On Wednesday morning, motorcycle-riding police officers escorted the hearse from a military hospital outside Pretoria to the Union Buildings. People lined the streets to watch the procession, singing old songs from the struggle against the apartheid regime and calling out their farewells to Mandela. Police blocked traffic, backing up cars for several kilometres on a highway leading into Pretoria.
Army helicopters had been circling overhead but then a sudden quiet fell over the amphitheatre as the hearse arrived. Eight warrant officers representing the various services and divisions of the South African National Defence Force carried the casket, led by a military chaplain in a purple stole. The officers set down the coffin and removed the flag.
Cameras banned from viewing area
Officials have banned cameras from the viewing area and asked people to turn off their mobile phones.
Mandela's body will lie in state for three days at the Union Buildings, which the South African government describes as a "modern-day acropolis" atop a hill overlooking Pretoria. The architect who designed it envisioned its two wings, made of 14,100 cubic metres of stone, representing the Afrikaans and English languages spoken in the country — but none of the land's native languages.
Even from its inception, the building long has been considered a symbol of governance in the country — and of apartheid until Mandela took office.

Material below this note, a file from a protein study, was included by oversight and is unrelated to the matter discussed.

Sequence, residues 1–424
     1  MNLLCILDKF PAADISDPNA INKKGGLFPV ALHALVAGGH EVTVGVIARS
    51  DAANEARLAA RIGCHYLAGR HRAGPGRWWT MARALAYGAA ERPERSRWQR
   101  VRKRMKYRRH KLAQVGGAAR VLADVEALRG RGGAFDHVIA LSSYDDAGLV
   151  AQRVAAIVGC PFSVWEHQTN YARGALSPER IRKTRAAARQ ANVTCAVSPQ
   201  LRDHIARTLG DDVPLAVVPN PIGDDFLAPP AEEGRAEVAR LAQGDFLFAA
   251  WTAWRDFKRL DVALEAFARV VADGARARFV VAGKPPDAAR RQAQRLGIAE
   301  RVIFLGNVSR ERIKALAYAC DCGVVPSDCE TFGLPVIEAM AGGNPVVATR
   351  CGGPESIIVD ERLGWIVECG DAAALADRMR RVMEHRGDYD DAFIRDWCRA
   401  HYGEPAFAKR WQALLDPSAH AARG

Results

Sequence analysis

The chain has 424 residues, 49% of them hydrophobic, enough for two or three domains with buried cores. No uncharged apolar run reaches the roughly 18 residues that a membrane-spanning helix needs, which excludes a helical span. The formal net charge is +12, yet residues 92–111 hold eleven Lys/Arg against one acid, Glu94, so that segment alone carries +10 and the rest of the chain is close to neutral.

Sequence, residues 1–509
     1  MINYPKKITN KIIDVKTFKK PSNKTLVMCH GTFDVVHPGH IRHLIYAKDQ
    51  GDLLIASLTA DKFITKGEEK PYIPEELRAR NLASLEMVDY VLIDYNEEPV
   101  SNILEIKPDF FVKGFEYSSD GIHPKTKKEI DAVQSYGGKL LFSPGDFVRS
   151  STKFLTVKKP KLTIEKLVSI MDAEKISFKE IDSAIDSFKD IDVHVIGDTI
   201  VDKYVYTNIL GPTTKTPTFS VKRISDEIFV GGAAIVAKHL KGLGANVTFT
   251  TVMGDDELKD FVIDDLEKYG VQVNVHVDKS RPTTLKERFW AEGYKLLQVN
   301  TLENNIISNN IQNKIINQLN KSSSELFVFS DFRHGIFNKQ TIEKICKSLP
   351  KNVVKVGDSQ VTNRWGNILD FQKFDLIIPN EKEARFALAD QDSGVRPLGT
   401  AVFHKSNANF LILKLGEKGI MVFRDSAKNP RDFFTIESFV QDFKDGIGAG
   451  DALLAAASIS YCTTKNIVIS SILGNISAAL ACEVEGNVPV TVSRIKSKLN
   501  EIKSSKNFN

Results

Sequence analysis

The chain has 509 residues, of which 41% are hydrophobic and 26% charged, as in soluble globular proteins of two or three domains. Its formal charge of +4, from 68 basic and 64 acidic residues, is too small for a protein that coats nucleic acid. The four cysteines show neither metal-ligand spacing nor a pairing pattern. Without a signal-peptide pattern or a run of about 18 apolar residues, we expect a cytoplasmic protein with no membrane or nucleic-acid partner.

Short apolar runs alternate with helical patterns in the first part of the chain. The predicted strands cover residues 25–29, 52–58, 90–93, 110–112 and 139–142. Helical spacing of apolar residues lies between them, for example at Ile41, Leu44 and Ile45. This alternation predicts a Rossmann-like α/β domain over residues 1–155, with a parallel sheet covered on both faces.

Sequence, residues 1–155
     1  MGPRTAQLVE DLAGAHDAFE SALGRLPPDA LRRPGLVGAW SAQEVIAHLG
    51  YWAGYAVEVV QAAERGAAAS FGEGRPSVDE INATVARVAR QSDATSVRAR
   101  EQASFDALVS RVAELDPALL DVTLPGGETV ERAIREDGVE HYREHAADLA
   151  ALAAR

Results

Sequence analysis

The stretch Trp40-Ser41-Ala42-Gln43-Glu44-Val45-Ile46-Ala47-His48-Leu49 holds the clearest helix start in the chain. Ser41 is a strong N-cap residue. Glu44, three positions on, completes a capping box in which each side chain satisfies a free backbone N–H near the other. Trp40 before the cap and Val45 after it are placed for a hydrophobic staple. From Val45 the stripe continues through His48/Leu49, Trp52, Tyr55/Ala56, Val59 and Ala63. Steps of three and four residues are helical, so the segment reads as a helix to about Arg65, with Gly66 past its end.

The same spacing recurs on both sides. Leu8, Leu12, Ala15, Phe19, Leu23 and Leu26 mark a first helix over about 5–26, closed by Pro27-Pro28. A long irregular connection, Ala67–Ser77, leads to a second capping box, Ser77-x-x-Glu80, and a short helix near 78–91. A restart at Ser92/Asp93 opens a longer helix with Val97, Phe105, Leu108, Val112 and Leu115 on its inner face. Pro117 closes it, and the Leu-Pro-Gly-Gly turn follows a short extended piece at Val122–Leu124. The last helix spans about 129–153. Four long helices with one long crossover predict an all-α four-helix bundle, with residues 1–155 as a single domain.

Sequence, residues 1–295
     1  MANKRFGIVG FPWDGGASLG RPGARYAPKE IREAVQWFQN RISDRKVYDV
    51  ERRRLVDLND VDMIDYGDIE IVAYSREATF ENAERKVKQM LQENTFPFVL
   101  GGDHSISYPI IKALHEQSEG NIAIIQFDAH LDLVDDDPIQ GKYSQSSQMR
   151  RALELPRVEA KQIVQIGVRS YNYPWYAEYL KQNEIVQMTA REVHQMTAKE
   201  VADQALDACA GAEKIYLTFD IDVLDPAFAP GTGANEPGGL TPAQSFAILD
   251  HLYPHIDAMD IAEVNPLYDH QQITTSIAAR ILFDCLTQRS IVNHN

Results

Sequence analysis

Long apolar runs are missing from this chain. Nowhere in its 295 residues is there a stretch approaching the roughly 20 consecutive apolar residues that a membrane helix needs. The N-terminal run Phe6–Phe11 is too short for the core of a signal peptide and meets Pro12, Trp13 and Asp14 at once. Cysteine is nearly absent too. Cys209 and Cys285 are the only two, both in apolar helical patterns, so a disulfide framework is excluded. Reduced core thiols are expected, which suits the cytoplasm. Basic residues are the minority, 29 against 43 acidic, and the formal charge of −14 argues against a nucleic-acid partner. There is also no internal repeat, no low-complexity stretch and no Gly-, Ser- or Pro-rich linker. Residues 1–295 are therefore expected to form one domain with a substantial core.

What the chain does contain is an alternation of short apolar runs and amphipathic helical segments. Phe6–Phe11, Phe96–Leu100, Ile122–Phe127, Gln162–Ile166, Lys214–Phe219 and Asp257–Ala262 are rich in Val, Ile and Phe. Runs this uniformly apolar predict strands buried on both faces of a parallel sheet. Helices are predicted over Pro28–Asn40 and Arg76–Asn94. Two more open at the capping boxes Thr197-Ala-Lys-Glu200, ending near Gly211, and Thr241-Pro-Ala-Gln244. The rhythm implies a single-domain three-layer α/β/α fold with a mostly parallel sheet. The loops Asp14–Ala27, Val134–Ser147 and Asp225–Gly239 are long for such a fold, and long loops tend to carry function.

Each day, Mandela's coffin will be driven back to 1 Military Hospital to be held overnight. Authorities have asked the public to line the street as an honour guard for each trip.
The government set up buses to bring in mourners. At the Pretoria Showgrounds, one gathering point, the line of people waiting for hours started pressing forward against fencing there. Police ended up having to help some children and elderly people away as they feared they'd be hurt in the crush.
Mandela's body will be flown Saturday to Qunu, his home in the Eastern Cape Province. He will be buried Sunday.
A massive memorial service, attended by nearly 100 world leaders, was held for Mandela at a Johannesburg stadium on Tuesday. Police said Wednesday that retired Archbishop Desmond Tutu's home in Cape Town was robbed while he was away, attending the memorial. An investigation was underway.
Like Mandela, Tutu won the Nobel Peace Prize for his efforts to promote basic rights and reconciliation during the apartheid era.